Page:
Whether the weight loss is lean or fat gives you the real answer of what is the required energy deficit per unit of weight loss. The metabolizable energy in fat is different than the metabolizable energy in muscle tissue. A pound of muscle is not 3,500 calories. A pound of muscle yields about 600 calories. If you lose lean body mass, then you lose more weight than if you lose fat. If you have a high initial body fat percentage, then you are going to lose more fat relative to lean muscle, so you may need a larger deficit to lose the same amount of weight as compared to a lean person. Progressive resistance training and/or high protein diets can modify the proportion of weight lost from body fat versus lean tissue which is why weight training and sufficient protein while on calorie restricted diets are absolute musts. Proper supplementation can also help with your weight loss goal as well.

Putting all this information to use can help people with their weight loss or muscle gain. One thing to remember is that you will put on fat along with your muscle. It is very hard to just put on strictly muscle. In order to put on muscle you need to be in a caloric surplus but keep it a small surplus or you could really pack on the fat.

Additional Rules To Follow

To really get all the benefits and create the fit body you want you have to eat more meat! The more protein your body stores is a process called protein synthesis which helps your muscles grow. Your body is constantly draining its protein reserves for other uses like hormone production. The result is less protein available for muscle building. To counteract that, you need to build and store new proteins faster than your body breaks down old proteins. I recommend setting a goal for about 1 gram of protein per pound of body weight, which is roughly the maximum amount your body can use in a day. For example, a 160-pound man should consume 160 grams of protein a day. Split the rest of your daily calories equally between carbohydrates and fats.  Splitting your caloric intake will help you stay full all day which will lead to less binge eating.  You have to eat plenty to be able to build muscle.  So what muscles you work are important.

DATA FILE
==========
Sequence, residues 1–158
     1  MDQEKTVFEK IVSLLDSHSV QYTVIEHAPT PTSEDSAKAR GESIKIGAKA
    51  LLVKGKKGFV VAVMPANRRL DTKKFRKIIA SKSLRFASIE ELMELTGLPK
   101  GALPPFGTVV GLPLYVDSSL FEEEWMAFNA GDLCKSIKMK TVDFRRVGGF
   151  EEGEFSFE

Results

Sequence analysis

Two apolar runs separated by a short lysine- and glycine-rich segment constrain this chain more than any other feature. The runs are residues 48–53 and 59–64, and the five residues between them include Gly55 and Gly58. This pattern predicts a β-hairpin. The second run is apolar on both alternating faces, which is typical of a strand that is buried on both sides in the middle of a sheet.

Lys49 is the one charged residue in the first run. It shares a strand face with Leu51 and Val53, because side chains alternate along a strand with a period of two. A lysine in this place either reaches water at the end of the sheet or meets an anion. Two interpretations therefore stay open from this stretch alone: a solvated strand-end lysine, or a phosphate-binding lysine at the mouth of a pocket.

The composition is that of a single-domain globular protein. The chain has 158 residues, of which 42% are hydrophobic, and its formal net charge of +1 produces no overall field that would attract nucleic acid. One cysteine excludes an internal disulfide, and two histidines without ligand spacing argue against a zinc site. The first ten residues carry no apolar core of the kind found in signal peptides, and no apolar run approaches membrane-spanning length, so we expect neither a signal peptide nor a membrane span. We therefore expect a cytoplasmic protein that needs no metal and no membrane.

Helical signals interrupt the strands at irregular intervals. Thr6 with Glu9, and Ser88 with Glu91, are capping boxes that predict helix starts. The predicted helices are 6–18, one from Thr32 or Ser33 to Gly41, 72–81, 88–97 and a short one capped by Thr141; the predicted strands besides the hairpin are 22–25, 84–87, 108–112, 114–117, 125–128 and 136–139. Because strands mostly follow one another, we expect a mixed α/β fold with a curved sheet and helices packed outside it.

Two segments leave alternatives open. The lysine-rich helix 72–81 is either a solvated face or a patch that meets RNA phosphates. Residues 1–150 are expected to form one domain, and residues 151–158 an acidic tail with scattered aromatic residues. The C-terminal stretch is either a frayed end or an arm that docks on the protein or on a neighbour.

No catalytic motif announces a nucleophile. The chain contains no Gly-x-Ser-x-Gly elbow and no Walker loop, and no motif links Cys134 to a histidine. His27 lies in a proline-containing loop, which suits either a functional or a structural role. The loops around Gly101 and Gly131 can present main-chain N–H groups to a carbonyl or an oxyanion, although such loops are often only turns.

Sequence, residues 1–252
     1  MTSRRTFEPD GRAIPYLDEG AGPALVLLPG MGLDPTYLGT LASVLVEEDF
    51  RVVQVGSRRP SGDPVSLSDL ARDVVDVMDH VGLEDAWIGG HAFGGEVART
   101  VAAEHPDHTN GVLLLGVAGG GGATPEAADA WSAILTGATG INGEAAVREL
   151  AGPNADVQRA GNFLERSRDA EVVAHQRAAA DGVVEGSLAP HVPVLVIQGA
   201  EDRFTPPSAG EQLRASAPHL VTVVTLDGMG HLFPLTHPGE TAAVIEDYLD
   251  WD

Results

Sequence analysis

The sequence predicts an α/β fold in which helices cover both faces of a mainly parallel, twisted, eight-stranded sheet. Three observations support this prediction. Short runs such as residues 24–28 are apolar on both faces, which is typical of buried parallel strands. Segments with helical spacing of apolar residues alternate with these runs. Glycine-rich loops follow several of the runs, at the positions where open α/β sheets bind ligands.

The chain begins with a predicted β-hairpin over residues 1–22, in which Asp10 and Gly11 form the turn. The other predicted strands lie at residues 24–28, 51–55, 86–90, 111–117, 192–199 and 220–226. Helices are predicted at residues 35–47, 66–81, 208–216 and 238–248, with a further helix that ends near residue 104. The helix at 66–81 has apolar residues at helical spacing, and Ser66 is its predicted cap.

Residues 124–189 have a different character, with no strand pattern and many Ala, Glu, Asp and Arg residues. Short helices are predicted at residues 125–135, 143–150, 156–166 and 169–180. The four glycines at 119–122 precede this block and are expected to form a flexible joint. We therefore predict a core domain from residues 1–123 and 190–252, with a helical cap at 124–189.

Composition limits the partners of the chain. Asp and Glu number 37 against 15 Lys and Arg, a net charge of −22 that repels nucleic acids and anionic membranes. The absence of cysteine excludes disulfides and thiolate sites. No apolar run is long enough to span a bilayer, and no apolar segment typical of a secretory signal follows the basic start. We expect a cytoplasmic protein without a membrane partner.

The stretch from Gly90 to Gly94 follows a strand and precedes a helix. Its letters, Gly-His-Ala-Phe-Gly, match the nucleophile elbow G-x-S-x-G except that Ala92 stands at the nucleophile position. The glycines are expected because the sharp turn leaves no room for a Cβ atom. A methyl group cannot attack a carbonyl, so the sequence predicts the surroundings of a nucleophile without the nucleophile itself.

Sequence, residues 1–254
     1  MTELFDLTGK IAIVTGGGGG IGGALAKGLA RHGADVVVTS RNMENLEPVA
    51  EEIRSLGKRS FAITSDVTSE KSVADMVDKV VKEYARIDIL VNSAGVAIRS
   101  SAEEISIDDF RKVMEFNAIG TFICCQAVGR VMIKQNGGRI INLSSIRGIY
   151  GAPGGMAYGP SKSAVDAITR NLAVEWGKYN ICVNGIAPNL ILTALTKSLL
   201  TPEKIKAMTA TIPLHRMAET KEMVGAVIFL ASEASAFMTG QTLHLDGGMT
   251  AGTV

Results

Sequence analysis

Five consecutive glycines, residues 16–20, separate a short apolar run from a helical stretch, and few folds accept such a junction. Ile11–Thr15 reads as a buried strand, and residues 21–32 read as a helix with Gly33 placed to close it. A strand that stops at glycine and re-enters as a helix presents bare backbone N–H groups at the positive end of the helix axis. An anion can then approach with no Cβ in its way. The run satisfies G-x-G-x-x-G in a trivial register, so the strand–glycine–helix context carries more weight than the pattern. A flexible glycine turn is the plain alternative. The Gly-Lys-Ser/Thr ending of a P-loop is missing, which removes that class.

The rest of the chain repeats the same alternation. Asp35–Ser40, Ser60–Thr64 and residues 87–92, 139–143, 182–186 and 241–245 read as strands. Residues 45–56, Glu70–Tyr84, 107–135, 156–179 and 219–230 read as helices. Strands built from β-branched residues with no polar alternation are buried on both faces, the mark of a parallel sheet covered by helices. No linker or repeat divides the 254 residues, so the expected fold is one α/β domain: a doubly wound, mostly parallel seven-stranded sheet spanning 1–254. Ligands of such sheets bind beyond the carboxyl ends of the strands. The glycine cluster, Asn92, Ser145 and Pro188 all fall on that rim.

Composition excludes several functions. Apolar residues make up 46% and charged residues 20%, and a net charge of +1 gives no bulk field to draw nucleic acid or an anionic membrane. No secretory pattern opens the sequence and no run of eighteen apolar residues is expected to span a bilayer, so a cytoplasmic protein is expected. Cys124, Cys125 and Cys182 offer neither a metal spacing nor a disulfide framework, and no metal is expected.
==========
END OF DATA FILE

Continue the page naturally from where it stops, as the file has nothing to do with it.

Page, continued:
Work Your Biggest Muscles! If you're a beginner, just about any workout will be intense enough to increase protein synthesis. However, if you've been lifting for a while, you'll build the most muscle if you focus on the large muscle groups, like chest, back and legs. Add squats, deadlifts, pull-ups, bent-over rows, bench presses, dips, and military presses to your workout. Do 2 or 3 sets of 8 to 12 repetitions, with about 60 seconds rest between sets.

If you’re looking to add muscle, lose fat, or gain strength; diet and exercise play very important roles. Eating the right foods in the right proportion is just as important as doing the right exercises. The saying “Fit bodies are made in the kitchen, not in the gym” is not a myth.  Now that the myth is laid to rest, it is time for you to go and make it happen!